FISHERY IMPACTS ON STOCK | HABITAT IMPACTS | BYCATCH | MANAGEMENT EFFECTIVENESS
Fishery Impacts on Stock
Mahi mahi, found worldwide in tropical and subtropical waters, are prolific spawners and have extremely rapid growth, which helps them remain fairly resilient to fishing pressure. However, since mahi mahi in the Atlantic are drawn to a floating brown alga that hides food, they often accidentally eat all kinds of garbage tangled in the alga. Currently mahi mahi in the Atlantic are not being overfished although the population status in the Pacific is unknown, according to the National Marine Fisheries Service.
In Hawaii, mahi mahi are caught using various hook and line gear, including trolls, which have minimal environmental impact on the seafloor. Surface longline gear and purse seines used in the fishery also avoid seafloor damage.
Extent of Bycatch
Purse seines that catch mahi mahi while targeting tuna can also catch sharks and juvenile tuna. According to the Blue Ocean Institute, the longlines used to catch mahi mahi have high shark bycatch rates and efforts have not been undertaken yet to reduce them. Bycatch from longlines also includes sea turtles, marine mammals, and sea birds. The largest mahi mahi fishery is near Ecuador, where fishermen use handlines that have minimal bycatch.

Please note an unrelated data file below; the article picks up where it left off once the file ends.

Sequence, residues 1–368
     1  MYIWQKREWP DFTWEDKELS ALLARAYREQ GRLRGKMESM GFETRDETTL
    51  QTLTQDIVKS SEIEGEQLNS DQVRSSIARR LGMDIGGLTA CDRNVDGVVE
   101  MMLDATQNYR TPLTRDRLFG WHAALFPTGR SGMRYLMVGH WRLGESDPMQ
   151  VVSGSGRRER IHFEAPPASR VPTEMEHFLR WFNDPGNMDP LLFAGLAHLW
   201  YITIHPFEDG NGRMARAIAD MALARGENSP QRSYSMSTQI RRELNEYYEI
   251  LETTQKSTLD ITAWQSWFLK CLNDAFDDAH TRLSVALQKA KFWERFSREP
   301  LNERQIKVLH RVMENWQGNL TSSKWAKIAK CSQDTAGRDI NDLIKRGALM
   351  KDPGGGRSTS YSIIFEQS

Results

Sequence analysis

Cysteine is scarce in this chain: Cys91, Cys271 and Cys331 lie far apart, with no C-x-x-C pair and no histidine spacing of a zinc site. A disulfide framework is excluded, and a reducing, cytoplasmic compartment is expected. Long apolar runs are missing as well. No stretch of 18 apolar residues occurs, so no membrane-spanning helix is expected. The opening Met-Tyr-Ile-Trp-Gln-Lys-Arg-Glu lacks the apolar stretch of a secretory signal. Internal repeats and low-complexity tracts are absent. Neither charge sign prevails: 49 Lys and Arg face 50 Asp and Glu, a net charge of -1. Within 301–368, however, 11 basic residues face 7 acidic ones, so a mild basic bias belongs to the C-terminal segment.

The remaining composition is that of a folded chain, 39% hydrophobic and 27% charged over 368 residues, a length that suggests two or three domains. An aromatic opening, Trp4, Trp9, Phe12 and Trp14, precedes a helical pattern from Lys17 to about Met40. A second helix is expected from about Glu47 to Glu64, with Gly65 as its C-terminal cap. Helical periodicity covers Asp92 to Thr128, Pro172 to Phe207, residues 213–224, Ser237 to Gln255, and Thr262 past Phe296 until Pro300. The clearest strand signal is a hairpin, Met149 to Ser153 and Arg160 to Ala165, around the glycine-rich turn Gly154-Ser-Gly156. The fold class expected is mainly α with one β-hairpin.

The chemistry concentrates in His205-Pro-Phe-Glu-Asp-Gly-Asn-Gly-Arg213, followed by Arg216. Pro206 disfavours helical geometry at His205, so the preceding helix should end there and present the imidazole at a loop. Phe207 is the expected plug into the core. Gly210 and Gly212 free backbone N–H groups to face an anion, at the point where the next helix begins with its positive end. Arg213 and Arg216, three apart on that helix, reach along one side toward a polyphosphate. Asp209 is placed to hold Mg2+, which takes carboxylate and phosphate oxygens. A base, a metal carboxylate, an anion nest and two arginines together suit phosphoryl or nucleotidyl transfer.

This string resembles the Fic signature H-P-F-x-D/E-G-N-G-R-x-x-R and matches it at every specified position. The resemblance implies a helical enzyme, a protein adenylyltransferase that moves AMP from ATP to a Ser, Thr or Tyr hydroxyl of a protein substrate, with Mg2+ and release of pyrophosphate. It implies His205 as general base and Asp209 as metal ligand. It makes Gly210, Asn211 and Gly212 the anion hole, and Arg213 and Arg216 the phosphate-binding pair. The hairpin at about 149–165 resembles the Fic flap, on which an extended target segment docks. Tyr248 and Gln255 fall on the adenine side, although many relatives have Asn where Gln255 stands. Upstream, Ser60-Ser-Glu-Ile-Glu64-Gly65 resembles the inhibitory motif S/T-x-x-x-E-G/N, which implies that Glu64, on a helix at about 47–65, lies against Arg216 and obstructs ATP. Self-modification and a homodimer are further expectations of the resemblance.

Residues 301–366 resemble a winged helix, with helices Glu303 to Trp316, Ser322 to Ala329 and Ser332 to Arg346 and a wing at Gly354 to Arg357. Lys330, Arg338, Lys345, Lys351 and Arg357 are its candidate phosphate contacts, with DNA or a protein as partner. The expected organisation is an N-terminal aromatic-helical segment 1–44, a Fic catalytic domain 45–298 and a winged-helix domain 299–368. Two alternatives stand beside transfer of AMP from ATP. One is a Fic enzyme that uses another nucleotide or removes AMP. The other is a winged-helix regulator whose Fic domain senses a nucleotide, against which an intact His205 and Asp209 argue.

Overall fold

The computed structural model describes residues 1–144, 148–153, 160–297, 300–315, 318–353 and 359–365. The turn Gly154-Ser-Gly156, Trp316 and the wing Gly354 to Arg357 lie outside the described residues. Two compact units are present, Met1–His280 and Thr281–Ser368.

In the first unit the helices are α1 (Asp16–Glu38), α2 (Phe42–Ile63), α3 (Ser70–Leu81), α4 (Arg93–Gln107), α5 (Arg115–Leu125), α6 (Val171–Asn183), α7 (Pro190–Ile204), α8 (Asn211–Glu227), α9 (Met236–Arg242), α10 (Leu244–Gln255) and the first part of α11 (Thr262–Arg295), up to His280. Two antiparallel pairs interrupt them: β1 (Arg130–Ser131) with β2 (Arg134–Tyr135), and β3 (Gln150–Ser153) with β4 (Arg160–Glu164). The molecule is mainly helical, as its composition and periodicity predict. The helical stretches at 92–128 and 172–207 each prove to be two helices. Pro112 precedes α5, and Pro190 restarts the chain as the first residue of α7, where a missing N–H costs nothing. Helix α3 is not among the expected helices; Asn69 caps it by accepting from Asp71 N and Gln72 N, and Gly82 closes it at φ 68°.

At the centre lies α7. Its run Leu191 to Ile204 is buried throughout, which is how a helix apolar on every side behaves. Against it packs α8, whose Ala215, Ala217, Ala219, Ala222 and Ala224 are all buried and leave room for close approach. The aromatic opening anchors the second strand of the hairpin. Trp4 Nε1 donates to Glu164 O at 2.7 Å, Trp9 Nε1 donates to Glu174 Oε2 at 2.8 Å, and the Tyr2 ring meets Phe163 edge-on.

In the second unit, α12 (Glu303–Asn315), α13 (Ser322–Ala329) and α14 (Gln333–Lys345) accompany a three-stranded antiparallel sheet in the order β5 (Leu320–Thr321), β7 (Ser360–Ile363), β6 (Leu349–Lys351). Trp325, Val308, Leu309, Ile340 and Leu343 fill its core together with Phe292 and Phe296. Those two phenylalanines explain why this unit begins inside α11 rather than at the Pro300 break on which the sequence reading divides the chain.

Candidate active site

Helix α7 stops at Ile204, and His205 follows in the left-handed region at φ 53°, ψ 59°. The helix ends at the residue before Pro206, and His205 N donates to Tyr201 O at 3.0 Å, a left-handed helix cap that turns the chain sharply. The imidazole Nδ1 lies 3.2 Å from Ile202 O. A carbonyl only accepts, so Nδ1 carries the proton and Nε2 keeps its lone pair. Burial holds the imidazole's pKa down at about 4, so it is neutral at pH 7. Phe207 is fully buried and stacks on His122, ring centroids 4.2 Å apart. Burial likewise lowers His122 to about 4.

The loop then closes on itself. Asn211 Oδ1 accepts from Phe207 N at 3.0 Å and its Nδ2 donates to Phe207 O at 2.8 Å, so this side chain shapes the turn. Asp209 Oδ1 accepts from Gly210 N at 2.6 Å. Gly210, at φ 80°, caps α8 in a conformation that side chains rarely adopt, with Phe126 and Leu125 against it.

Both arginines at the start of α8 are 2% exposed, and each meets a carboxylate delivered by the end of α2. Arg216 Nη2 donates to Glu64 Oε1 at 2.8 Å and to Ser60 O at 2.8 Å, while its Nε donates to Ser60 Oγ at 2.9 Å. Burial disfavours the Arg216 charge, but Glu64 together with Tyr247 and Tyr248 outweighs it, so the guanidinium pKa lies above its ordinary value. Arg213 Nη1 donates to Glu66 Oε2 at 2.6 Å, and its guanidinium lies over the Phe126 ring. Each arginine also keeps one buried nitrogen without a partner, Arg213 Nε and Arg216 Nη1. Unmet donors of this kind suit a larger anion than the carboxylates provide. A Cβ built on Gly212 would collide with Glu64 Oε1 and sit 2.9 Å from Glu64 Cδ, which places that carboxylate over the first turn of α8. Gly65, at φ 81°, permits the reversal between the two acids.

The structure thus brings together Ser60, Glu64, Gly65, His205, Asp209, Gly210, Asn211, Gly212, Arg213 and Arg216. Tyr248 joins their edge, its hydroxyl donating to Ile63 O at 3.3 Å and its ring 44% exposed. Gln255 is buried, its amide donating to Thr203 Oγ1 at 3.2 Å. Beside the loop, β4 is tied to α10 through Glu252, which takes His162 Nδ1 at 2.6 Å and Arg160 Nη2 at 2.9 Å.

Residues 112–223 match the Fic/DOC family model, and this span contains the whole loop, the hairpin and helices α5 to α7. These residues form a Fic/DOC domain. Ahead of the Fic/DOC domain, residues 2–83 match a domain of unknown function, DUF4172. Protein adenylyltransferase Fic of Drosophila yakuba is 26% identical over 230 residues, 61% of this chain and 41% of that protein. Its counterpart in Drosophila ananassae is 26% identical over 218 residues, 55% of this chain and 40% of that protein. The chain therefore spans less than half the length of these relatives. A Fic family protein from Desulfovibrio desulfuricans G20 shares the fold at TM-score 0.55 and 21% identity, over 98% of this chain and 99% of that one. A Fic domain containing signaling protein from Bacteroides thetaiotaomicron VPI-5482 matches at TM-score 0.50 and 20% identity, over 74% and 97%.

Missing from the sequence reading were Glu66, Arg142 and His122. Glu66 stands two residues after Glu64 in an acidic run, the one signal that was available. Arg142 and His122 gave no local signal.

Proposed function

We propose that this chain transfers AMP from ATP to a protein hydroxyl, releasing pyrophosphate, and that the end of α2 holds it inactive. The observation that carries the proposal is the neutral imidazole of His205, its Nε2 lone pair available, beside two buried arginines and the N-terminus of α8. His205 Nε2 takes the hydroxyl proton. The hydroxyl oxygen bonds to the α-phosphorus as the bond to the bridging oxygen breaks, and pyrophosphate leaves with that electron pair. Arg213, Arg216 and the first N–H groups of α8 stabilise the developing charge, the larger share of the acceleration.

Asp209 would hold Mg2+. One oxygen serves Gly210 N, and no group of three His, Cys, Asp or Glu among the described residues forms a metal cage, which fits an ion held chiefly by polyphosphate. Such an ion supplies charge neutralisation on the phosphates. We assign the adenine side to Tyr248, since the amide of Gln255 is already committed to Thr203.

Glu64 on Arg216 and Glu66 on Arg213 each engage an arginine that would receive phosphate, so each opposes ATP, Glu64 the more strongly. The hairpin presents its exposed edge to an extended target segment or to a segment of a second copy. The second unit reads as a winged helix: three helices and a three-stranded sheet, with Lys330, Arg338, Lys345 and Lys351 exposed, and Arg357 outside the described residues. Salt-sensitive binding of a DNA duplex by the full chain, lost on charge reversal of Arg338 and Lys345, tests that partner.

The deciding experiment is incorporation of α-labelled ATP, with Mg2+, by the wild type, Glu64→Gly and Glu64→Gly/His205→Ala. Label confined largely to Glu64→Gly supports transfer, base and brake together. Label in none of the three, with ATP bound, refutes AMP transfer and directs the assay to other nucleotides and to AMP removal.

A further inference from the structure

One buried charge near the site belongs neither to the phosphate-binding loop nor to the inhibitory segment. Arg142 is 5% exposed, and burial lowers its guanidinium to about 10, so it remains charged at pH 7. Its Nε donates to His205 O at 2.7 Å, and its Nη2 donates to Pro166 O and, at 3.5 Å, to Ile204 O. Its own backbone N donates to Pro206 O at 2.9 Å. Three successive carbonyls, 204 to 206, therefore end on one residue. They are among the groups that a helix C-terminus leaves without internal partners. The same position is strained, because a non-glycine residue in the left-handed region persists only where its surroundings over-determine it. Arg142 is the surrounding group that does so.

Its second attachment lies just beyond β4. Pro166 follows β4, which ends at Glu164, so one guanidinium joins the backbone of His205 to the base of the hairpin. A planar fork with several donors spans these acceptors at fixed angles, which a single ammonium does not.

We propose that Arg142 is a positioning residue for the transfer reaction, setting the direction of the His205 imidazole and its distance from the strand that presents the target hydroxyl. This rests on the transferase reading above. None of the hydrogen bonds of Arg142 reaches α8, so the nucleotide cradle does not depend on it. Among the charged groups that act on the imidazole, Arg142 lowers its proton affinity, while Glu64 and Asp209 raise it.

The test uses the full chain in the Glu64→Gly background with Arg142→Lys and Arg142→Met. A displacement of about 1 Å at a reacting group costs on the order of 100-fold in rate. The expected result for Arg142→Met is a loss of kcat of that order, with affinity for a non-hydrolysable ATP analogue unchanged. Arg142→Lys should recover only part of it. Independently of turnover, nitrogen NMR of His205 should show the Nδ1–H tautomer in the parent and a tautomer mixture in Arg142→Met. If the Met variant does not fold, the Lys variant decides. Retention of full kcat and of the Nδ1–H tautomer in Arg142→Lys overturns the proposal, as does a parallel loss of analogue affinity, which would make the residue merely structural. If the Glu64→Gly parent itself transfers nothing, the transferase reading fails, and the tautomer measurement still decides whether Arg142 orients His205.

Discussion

Management plans have been adopted in Ecuador but there are none yet in Costa Rica, Guatemala or Peru. All of these countries’ mahi mahi fisheries are engaged in Fishery Improvement Projects, according to the Monterey Bay Aquarium’s Seafood Watch. Mahi mahi in the U.S. Atlantic is managed by the South Atlantic Fishery Management Council, which has size limits set on the fish in Florida, Georgia and South Carolina. Fishery managers in the South Atlantic and Gulf of Mexico removed mahi mahi from the region’s fishery management plan although they can still collect catch data. In the Pacific, general management measures apply to the fisheries that target the fish. Overall there is a lack of comprehensive stock assessment data for mahi mahi and no plans currently exist to scientifically monitor or research the stock in the future.